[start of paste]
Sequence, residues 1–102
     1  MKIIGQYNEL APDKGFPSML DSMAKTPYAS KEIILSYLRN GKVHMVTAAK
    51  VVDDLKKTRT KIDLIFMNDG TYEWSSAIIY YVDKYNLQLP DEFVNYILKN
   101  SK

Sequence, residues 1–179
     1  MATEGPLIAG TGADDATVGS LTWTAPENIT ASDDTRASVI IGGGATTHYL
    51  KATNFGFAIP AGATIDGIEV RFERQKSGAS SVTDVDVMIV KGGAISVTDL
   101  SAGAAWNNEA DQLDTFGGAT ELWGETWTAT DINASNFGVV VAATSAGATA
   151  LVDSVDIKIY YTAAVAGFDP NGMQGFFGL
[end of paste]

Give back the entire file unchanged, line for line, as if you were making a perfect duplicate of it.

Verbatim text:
Sequence, residues 1–102
     1  MKIIGQYNEL APDKGFPSML DSMAKTPYAS KEIILSYLRN GKVHMVTAAK
    51  VVDDLKKTRT KIDLIFMNDG TYEWSSAIIY YVDKYNLQLP DEFVNYILKN
   101  SK

Sequence, residues 1–179
     1  MATEGPLIAG TGADDATVGS LTWTAPENIT ASDDTRASVI IGGGATTHYL
    51  KATNFGFAIP AGATIDGIEV RFERQKSGAS SVTDVDVMIV KGGAISVTDL
   101  SAGAAWNNEA DQLDTFGGAT ELWGETWTAT DINASNFGVV VAATSAGATA
   151  LVDSVDIKIY YTAAVAGFDP NGMQGFFGL